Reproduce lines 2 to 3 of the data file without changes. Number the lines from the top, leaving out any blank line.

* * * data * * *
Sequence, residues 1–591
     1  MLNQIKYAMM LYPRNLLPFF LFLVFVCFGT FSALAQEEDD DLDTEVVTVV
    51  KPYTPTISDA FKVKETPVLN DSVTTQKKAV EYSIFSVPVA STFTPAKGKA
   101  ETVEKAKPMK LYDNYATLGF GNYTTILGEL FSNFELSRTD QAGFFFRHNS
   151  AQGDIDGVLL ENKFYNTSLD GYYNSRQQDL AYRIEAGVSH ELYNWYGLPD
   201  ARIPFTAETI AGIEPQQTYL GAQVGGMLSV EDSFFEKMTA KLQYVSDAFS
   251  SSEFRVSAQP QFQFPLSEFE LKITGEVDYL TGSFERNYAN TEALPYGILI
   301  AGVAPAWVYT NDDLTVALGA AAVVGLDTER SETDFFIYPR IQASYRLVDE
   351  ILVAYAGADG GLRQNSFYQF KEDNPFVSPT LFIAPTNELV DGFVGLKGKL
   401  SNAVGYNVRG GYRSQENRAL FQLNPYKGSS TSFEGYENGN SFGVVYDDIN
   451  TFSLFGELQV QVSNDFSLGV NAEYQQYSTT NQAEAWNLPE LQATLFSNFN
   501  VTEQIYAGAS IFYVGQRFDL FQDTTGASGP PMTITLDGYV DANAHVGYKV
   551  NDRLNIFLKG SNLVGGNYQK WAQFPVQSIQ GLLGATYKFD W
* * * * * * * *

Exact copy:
     1  MLNQIKYAMM LYPRNLLPFF LFLVFVCFGT FSALAQEEDD DLDTEVVTVV
    51  KPYTPTISDA FKVKETPVLN DSVTTQKKAV EYSIFSVPVA STFTPAKGKA